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  1. #1
    Join Date
    Apr 2011
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    Smile Boat maintenance tyro questions

    Hi - I've relatively little experience of boat maintenance and this is only second year I've had to get ready for spring launch onto mooring. Boat is Crabber 17, mooring is drying mud. I have a few probably stupid sounding questions but I'll ask anyway!

    1. Last year just wet and dry sanded old stuff and put on 2 coats of Trilux (because I think you need non-eroding on a drying berth). Generally looks OK so I was just going to put another coat on. If old a/f still in the tin looks OK, does that mean it is OK?

    2. There are some bits on the bottom of the keel where a/f has come off completely showing slightly translucent (which I suppose is where there is no gelcoat) Do I need to do anything with these bits apres a/f?

    3. What should I use to redo the (white) boot-top? It got a lot of slime on over the year so was thinking of using a/f rather than boot-top paint (e.g. Hempel)

    4. What to fill in small holes in spars with, e.g. removing redundant bracket? (I think the Crabber has sitka spruce spars (hollow?)) Plastic wood or sikkaflex?

    5. To re-varnish the rudder and tiller, is it important to use 2 pack varnish?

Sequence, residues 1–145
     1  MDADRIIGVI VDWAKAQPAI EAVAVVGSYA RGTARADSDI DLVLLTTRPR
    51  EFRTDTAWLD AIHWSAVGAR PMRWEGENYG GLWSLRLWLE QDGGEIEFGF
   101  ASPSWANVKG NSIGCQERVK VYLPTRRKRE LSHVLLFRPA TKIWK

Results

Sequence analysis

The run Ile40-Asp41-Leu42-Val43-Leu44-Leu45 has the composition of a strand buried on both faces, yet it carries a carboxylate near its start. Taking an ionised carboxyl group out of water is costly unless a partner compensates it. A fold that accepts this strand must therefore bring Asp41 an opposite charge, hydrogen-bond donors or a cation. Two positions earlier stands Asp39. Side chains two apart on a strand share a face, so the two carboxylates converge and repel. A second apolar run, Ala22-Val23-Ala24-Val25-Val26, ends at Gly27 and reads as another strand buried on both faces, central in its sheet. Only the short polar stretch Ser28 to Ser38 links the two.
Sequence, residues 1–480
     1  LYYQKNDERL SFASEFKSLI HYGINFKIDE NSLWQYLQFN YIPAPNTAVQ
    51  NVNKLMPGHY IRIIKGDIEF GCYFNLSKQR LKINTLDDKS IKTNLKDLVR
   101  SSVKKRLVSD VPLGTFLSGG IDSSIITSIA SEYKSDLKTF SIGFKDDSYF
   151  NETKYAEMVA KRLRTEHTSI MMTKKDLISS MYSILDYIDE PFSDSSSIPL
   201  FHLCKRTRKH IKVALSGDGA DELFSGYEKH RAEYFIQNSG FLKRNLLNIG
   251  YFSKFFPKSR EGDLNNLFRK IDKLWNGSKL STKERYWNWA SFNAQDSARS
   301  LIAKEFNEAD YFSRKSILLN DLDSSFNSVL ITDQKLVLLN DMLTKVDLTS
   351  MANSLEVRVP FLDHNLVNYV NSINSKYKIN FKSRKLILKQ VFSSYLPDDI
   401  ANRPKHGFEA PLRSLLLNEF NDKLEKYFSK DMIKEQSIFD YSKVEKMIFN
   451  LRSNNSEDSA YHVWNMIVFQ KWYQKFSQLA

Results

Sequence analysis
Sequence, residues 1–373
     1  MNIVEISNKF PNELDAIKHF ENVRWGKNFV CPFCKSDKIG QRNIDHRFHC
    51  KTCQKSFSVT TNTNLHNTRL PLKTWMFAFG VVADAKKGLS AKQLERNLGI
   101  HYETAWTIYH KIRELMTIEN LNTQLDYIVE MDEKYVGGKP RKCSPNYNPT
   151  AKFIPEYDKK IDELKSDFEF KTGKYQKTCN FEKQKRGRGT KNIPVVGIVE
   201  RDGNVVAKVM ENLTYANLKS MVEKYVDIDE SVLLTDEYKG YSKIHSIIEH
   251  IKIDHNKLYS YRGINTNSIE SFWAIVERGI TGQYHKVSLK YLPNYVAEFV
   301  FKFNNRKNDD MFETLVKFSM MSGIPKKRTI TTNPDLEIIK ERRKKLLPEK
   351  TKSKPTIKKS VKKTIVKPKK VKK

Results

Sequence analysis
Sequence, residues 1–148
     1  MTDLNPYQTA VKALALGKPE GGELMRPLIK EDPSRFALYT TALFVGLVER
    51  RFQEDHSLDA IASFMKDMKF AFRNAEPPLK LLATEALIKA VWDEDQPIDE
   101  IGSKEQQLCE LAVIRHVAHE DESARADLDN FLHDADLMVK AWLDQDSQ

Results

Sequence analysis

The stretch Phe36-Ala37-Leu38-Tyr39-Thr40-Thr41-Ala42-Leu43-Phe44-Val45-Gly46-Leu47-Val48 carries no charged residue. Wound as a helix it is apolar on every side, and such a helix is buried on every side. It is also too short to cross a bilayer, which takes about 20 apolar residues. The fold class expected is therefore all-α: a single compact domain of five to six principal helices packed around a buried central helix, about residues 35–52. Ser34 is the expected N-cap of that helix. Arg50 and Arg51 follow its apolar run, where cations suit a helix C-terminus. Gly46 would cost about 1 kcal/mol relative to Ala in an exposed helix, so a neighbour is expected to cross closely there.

6. I've got some white gelcoat repair to do a few chips on the deck area - is there anything I can use to pigment it to cream/off-white?

    Many thanks in advance for any advice.

  2. #2
    prv is offline Registered User
    Location : Southampton
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    Quote Originally Posted by NigelCraig View Post
    4. What to fill in small holes in spars with, e.g. removing redundant bracket? (I think the Crabber has sitka spruce spars (hollow?)) Plastic wood or sikkaflex?
    Carve a suitable-size wood plug, insert into the hole with a bit of waterproof PVA, chisel off flush and then varnish well over the top. You'll need to lightly sand the varnish around the hole if you want the new coat to stick.

    Quote Originally Posted by NigelCraig View Post
    6. I've got some white gelcoat repair to do a few chips on the deck area - is there anything I can use to pigment it to cream/off-white?
    Yep - gelcoat pigment is available. I've not used it myself, but the advice seems to be to do the colour matching before you add the catalyst, as this more closely approximates the colour it will set to.

    Pete

  3. #3
    rob2 is offline Registered User
    Location : Hampshire UK
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    Quite a few points to cover and often there is no definitive way to tackle the job!

    1) Don't ever dry sand A/F - the dust is toxic and very irritating to the lungs. With a hard A/F, I've always scrubbed it down with a pan scourer and plenty of water to help key the new coat on top. So long as it isn't ancient the stuff left in the tin should be OK, but stir thoroughly.